This is an excellent and outstanding work, which deals with the subject from the ground up—one of the best, if not the best, I have ever seen! Jeffrey deals with all the aspects of the subject and in the logical order of their development in the subject area. He presents his position clearly with solid and sound exegesis and clear discussion and argumentation. Thus, he makes a definite and strong contribution to the subject matter of the day concerning the ongoing debate between continuity and discontinuity of the Divine covenants.
-- Dr. Richard P. Belcher, retired professor at Columbia International University and pastor at Covenant Baptist Church in West Columbia, South Carolina
Jeffrey Johnson has produced a thorough, vigorous, and impressive interaction with covenant theology as it is used in support of infant baptism. He has given detailed analysis of each part of the system, approved what was biblically warranted, challenged what is indefensibly contrived and offered compelling alternatives to each part of the system that he has challenged. He has not left it at that point but has offered an alternate interpretation of the relationship between the covenants.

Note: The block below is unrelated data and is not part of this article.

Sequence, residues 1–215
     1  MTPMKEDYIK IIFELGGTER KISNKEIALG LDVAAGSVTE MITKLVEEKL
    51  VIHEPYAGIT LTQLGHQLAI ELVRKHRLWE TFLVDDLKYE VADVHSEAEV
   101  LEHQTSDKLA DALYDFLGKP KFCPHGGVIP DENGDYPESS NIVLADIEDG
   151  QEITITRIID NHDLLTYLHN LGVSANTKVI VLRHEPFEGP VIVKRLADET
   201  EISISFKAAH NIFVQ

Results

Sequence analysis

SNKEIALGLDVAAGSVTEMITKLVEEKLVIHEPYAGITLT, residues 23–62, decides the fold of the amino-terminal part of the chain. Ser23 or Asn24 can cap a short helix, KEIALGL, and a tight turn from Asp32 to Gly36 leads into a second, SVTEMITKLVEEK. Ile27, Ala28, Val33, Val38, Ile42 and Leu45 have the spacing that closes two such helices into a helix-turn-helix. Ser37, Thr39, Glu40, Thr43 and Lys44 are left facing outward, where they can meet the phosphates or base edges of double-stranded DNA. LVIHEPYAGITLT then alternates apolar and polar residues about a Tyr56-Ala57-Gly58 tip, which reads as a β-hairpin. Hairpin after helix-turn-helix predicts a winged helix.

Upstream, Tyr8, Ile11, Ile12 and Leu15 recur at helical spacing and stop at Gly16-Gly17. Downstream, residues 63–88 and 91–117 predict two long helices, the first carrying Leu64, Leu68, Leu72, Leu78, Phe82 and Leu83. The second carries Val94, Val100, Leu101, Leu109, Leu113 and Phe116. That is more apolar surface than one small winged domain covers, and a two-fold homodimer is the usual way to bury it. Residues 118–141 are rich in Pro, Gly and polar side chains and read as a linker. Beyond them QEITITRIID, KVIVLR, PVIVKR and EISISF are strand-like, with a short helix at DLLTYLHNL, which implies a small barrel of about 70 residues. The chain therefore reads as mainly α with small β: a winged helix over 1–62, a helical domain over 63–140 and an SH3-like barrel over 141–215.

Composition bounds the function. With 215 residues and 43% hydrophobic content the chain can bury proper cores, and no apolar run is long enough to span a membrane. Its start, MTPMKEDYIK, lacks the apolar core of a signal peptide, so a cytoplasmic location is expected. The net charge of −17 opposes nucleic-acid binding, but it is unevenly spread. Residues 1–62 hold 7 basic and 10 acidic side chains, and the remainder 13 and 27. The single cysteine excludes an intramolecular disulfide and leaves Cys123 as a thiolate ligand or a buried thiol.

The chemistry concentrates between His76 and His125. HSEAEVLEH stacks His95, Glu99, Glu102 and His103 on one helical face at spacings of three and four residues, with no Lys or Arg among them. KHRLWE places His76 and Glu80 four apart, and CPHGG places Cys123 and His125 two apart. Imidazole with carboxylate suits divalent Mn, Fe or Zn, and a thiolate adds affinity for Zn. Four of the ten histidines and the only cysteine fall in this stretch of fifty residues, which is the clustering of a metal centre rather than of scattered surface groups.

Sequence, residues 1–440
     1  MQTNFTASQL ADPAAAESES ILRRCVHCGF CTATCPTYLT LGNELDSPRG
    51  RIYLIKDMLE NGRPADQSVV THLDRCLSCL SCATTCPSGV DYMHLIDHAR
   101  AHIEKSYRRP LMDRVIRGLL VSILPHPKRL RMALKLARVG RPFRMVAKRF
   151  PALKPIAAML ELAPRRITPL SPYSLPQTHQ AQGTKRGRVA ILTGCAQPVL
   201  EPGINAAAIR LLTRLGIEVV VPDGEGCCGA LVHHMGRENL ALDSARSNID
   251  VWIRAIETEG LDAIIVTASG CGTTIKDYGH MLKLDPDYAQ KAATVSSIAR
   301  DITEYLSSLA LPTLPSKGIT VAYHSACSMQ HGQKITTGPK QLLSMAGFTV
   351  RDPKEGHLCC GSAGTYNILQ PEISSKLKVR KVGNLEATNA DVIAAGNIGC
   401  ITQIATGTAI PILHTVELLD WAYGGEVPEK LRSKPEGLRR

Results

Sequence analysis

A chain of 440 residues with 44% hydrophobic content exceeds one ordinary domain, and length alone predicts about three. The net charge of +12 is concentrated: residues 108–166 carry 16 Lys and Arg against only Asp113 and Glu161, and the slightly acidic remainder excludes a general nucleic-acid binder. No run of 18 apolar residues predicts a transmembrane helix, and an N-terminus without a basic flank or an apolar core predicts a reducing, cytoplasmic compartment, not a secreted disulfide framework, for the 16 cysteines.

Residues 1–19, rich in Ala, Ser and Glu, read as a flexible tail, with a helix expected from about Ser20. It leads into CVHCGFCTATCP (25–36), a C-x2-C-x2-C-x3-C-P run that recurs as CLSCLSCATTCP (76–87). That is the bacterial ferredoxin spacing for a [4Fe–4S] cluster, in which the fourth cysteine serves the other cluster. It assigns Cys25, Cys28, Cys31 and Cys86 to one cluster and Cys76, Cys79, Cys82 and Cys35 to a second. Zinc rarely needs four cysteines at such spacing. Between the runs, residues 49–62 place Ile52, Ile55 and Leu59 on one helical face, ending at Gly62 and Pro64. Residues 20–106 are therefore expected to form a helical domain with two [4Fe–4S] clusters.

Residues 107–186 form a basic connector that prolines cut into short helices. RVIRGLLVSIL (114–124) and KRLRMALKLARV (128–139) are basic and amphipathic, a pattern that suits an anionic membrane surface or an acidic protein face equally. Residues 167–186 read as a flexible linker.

-- Dr. Thomas J. Nettles, Professor of Historical Theology at The Southern Baptist Theological SeminaryI add my own voice to those of these men, and I would recommend the book not only for its excellent handling of the debate concerning baptism but also as a good introduction to a Baptist understanding of Covenant Theology.
A Good Deal on the Book
In addition, I want to let you know about a special offer from Richbarry Press. The book normally sells for $16-18, but it is available from Richbarry Press for just $10.00 plus postage. Just contact:
Richbarry Press, c/o Dr. Richard P. Belcher, 105 River Wood Drive, Fort Mill, SC.
Or call 803-396-7962